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St. Francis Beats Bushes to Find Star Midfielder : A One-Time Victim of Soccer Burnout, Bobby Guerrero Has Become a Hot-Shot

January 28, 1988|HEATHER HAFNER

Bobby Guerrero spent many afternoons hiding in bushes and on balconies his freshman year at St. Francis High. His motive was not to avoid trouble, but to stay out of view of soccer Coach Cherif Zein.

He was not very successful.

"When he was a freshman I used to see him playing hide and seek," Zein said. "I used to see him and yell, 'What are you doing?' "

He was watching soccer practice. Guerrero, now a junior and an integral part of the St. Francis team, had played seven years of club soccer by the time he arrived at the La Canada campus. Zein offered him a position on the team his freshman year, but Guerrero declined. He said he needed time away from the sport.

But that didn't last long. By spring, Guerrero was again playing club soccer. He joined the school team in the fall.

Guerrero plays right wing during the club season, a position that affords him many scoring opportunities. But at St. Francis he is a midfielder, concentrating mostly on defense and passing. He scored only five goals last season.

"I tried to do my best, but in high school I have to try a little more because it's a different style. It's a little slower," Guerrero said. "I like to run a lot and I'm used to the fast pace. Sometimes the players didn't expect the ball to be coming. It took me a while to learn how to play with the team."

Zein said that player roles are not strictly defined in his offensive scheme. Wings play defense and midfielders can score. And this season Guerrero has scored in prolific fashion.

The 5-9 junior has scored 14 goals--nine in just three games. Guerrero scored the first triple hat trick in St. Francis history, scoring three goals a game in victories over Del Rey League rivals St. John Bosco, Notre Dame and Bosco Tech last week. Guerrero, who also has four assists, was this month selected to the All-West Region team by the National Soccer Coaches Assn.

"He is a very good dribbler, he can cut back and forth and he is a very good finisher," Zein said. "He doesn't look like a soccer player at all. But he has unbelieveable vision and a very good shot."

If Guerrero keeps pace, he will break the school's single-season scoring record. David Havassy, a first-team All-American at Fresno State, scored 17 goals in 1986.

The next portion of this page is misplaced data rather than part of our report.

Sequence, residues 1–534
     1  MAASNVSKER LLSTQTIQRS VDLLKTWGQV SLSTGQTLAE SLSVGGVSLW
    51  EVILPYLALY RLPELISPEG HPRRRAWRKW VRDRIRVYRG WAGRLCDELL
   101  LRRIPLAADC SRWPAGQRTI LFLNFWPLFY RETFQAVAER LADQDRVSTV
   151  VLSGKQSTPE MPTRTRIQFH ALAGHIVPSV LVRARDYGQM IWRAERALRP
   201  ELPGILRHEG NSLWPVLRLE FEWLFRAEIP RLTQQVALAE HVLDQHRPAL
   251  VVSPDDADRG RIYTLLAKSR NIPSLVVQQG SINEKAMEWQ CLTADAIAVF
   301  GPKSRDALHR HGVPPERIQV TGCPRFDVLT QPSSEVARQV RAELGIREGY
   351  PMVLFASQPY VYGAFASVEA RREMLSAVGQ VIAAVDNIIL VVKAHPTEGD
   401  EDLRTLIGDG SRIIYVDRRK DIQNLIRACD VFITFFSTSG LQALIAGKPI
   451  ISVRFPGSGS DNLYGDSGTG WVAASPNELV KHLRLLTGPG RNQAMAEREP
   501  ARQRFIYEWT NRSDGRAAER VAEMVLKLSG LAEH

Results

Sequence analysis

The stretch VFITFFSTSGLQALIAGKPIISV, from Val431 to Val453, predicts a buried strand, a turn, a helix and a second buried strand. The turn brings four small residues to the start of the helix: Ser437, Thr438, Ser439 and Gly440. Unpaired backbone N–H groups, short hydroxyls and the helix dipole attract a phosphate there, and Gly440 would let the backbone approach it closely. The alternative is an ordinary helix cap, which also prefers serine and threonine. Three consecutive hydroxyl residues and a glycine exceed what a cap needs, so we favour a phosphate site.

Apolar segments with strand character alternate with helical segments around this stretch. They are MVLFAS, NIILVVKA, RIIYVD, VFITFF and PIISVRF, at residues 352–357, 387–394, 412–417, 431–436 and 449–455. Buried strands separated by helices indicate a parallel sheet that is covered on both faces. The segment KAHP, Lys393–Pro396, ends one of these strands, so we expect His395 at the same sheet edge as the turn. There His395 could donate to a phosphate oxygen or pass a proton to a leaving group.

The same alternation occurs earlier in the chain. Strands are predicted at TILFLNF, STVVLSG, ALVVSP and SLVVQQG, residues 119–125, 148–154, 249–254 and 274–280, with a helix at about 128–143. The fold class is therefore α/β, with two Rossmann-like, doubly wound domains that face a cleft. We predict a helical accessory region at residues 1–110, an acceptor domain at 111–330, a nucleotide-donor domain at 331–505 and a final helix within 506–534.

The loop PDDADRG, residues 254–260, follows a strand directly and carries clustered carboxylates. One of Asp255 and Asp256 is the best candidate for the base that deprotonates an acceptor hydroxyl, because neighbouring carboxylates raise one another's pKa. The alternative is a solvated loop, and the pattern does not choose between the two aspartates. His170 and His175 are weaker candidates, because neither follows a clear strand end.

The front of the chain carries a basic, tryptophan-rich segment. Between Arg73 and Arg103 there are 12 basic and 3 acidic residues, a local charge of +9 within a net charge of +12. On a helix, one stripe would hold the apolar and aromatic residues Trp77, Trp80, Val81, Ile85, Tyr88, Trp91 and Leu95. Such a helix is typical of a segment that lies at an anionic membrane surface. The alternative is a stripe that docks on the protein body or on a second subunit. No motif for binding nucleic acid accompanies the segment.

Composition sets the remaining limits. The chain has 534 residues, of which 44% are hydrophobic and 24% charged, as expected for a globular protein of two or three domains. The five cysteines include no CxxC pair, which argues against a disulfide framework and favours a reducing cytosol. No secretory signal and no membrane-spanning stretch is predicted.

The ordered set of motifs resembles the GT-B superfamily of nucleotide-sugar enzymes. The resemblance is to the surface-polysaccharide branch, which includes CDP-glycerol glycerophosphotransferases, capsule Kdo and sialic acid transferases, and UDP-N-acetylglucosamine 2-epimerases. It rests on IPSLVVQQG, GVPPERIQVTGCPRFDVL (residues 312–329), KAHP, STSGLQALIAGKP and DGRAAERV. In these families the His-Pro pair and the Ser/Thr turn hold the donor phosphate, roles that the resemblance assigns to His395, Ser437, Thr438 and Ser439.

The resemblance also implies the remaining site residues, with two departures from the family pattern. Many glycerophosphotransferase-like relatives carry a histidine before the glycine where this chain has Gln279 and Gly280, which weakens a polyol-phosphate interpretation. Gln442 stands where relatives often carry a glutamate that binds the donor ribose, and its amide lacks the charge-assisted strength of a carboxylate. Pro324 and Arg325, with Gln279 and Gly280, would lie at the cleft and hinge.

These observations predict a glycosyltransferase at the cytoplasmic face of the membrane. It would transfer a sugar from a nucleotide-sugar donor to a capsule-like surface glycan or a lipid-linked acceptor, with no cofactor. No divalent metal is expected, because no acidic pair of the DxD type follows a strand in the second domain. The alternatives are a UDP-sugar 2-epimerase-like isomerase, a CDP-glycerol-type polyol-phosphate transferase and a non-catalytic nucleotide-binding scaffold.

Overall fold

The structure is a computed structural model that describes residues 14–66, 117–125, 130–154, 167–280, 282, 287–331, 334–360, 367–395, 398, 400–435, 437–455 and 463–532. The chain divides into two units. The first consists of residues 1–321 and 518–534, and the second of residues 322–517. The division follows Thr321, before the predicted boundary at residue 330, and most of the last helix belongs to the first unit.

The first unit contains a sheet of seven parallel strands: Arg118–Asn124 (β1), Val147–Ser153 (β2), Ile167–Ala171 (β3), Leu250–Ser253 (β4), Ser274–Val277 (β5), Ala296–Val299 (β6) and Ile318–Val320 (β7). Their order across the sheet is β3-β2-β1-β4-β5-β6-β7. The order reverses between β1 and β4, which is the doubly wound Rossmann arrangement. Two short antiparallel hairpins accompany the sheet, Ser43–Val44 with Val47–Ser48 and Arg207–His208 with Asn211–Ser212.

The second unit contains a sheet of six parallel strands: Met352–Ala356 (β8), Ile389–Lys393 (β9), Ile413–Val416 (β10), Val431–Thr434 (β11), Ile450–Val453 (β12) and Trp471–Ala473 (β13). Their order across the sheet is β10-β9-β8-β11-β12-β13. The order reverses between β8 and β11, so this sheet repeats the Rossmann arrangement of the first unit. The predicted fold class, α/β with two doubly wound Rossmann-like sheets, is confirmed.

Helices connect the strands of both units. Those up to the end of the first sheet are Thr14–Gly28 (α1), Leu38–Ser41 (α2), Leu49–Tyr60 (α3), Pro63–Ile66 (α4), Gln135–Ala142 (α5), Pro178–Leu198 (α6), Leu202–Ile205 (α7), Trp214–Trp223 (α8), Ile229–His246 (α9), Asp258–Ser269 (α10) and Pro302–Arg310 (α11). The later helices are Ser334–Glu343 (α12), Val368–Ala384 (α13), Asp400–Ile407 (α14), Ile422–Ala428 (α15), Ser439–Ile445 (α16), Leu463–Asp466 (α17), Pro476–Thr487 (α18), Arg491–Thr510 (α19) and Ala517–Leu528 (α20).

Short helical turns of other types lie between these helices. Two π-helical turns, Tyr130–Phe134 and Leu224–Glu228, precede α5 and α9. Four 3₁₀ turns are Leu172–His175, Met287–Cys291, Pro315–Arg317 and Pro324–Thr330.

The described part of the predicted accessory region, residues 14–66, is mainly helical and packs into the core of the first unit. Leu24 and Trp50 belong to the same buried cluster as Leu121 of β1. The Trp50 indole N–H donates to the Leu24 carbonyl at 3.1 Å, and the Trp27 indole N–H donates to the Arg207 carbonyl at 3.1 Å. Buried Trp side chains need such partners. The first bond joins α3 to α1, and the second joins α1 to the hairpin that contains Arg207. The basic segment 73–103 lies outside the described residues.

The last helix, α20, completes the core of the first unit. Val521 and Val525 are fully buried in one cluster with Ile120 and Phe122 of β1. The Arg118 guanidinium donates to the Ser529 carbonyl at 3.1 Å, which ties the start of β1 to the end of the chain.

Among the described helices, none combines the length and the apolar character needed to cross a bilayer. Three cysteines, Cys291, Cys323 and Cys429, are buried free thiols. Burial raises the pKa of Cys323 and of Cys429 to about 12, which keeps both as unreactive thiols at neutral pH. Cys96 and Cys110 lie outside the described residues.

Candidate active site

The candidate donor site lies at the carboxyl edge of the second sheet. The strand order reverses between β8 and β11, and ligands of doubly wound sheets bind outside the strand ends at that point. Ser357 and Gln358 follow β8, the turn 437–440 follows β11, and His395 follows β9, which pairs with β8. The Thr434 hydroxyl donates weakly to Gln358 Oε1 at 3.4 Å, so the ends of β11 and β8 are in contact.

"I feel he's had the talent all along," said Roberto Guerrero, Bobby's father. "He's just getting smarter. He knows how to defense and when the opportunity arises he takes the shot."

Roberto Guerrero has been heavily involved in Bobby's soccer career. Roberto was a high school goalie in his native Mexico. When Bobby was 7, Roberto enrolled him in a local youth soccer program. Roberto has coached several of his son's teams. But when Bobby tired of soccer, the elder Guerrero was careful not to push him even further away from the sport.

"I think he was really burned out," Roberto Guerrero said. "I know there was a lot of pressure in beginning high school. I didn't want to pressure him about soccer."

This season, the onus has been on the opposition, which has had little success in stopping Guerrero.

"We hadn't worked on anything specific to stop him," Notre Dame Coach Tom Carter said. "Maybe we should have. He's a very dominating player. A dominating player always finds a way to score regardless of where they are."

St. Francis (10-2-2) has only one loss and one tie in seven league games entering play this week. Its lone loss was a 2-1 decision to Alemany.

The success is surprising considering St. Francis' fourth-place finish last season that excluded the team from the playoffs. The Knights have made the playoffs only two of the past six seasons.

Zein said he stresses the team concept but credits much of the team's success to Guerrero. "I don't like to rely on one player and we've had that problem at St. Francis," Zein said. "But other people are going to emulate him and learn from him."

Indeed, Guerrero's ability has not gone unnoticed by his teammates. Once a mere shadow in the bushes, Guerrero has developed into the type of player that people find hard to ignore.

"Since I'm scoring a lot more they're starting to look for me now," Guerrero said. "I try to open up and see if I can score. When we have a lead by two, then I go back to defense."

But never again into hiding.

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